ALONG IN APRIL, Gadsby sat finishing his morning toast as a boy, rushing in, put a “Post” on his lap with a wild, boyish gasp of:—

My gosh, Mayor Gadsby, Look!!” and Gadsby saw a word about a foot high. It was W — A - R. Lady Gadsby saw it also, slowly sinking into a chair. At that instant both Nancy and Kathlyn burst frantically in, Nancy lugging Baby Lillian, now almost two, and a big load for so small a woman, Nancy gasping out:-

“Daddy!! Must Bill and Julius and Frank and John, —”

Gadsby put down his “Post” and, pulling Nancy down onto his lap, said:—

“Nancy darling, Bill and Julius and Frank and John must. Old Glory is calling, baby, and no Branton Hills boy will balk at that call. It’s awful, but it’s a fact, now.”

Lady Gadsby said nothing, but Nancy and Kathlyn saw an ashy pallor on that matronly brow; and Gadsby going out without waiting for his customary kiss.

For what you might call an instant, Branton Hills, in blank, black gloom, stood stock still. But not for long. Days got to flashing past, with that awful sight of girls, out to lunch, saying:—

“Four from our shop; and that big cotton mill has forty-six who will go,”

With Virginia saying:—

“About all that our boys talk about is uniforms, pay, transportation, army corps, divisions, naval squadrons, and so on.”

An occasional Branton Hills politician thought that it “might blow out in a month or two;” but your Historian knows that it didn’t; all of that “blowing” consisting of blasts from that military clarion, calling for mobilization.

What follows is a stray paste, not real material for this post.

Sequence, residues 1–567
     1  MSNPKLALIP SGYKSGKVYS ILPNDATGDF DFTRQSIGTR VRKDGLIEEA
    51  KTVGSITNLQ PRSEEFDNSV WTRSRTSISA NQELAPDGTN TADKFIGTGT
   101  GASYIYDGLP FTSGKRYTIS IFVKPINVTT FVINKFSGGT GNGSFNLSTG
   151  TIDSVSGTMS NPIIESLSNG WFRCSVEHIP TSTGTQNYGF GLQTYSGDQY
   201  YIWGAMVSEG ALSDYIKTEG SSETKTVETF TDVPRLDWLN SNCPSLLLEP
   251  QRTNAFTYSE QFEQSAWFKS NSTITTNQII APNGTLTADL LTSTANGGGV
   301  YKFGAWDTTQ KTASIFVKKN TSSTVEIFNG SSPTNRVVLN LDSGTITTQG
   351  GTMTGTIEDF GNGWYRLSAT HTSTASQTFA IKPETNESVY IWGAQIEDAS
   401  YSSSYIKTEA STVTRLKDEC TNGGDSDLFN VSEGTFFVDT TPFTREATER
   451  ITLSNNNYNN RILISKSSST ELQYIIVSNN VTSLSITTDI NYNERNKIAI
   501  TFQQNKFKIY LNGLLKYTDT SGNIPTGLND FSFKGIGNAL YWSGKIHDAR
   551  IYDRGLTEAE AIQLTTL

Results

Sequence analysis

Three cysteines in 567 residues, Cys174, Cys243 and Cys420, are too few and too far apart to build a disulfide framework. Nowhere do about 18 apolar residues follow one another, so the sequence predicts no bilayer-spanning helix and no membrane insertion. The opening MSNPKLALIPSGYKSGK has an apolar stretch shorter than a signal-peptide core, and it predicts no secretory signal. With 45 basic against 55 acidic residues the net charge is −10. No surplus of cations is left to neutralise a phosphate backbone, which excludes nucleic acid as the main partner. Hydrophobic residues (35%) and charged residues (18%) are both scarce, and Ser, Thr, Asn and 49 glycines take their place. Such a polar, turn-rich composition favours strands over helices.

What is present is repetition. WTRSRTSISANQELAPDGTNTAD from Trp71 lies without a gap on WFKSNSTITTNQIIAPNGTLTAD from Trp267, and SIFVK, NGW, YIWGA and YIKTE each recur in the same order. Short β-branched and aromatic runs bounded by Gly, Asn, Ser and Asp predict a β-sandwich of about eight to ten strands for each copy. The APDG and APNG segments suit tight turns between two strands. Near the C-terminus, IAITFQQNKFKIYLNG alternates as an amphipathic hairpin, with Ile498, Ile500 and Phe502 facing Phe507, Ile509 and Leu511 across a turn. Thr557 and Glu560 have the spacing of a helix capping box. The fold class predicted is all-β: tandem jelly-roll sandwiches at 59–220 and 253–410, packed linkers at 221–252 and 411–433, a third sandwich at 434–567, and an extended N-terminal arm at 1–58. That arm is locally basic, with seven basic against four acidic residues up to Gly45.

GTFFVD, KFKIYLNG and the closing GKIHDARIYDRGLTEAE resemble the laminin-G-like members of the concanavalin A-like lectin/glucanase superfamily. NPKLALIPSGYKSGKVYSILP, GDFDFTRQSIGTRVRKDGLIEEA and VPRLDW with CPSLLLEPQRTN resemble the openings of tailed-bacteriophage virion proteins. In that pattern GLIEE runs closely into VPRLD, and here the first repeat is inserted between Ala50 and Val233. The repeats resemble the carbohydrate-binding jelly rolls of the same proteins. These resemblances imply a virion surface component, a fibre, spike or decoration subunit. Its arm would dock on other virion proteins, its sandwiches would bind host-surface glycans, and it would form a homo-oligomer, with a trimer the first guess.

* * *

Days! Days! Days! Finally, on May Fourth, that day of tiny Nancy’s big church ritual, you know; that day, upon which any woman would look back with romantic joy, Nancy, with Kathlyn, Lady Gadsby and His Honor, stood at Branton Hills’ big railway station, at which our Municipal Band was drawn up; in back of which stood, in solid ranks, this city’s grand young manhood, Bill, Julius, Frank, John, Paul and Norman standing just as straight and rigid as any. As that long, long troop train got its signal to start, - but you know all about such sights, going on daily, from our Pacific coast to Atlantic docks.

As it shot around a turn, and Gadsby was walking sadly toward City Hall, a Grammar School boy hurrying up to him said:-

“Wow!! I wish I could go to war!”

“Hi!” said Gadsby. “If it isn’t Kid Banks!”

“Aw! Cut that kid stuff! I’m Allan Banks! Son of Councilman Banks!”

“Oh, pardon. But you don’t want to go to war, boy.”

“Aw! I do too!!”

“But young boys can’t go to war.”

“I know that; and I wish this will last until I grow so I can go. It’s just grand! A big cannon says Boom! Boom! and,—”

“Sit down on this wall, boy. I want to talk to you.”

“All right. Shoot!”

“Now look, Allan. If this war should last until you grow up, just think of how many thousands of troops it would kill. How many grand. good lads it would put right out of this world.”

“Gosh! That’s so, ain’t it! I didn’t think of guys dyin’.”

“But a man has to think of that, Allan. And you will, as you grow up. My two big sons just put off on that big troop train. I don’t know how long Bill and Julius will stay away. Your big cannon might go Boom! and hit Bill or Julius. Do you know Frank Morgan, Paul Johnson and John Smith? All right; that big cannon might hit that trio, too. Nobody can say who a cannon will hit, Allan. Now, you go right on through Grammar School, and grow up into a big strong man, and don’t think about war ;” and Gadsby, standing and gazing far off to Branton Hills’ charming hill district, thought: “I think that will bust up a wild young ambition!”

But that kid, turning back, sang out:-

“Say!! If this scrap stops, and a big war starts,—Aha, boy! You just watch Allan Banks! Son of Councilman Banks! !” and a small fist was pounding viciously on an also small bosom.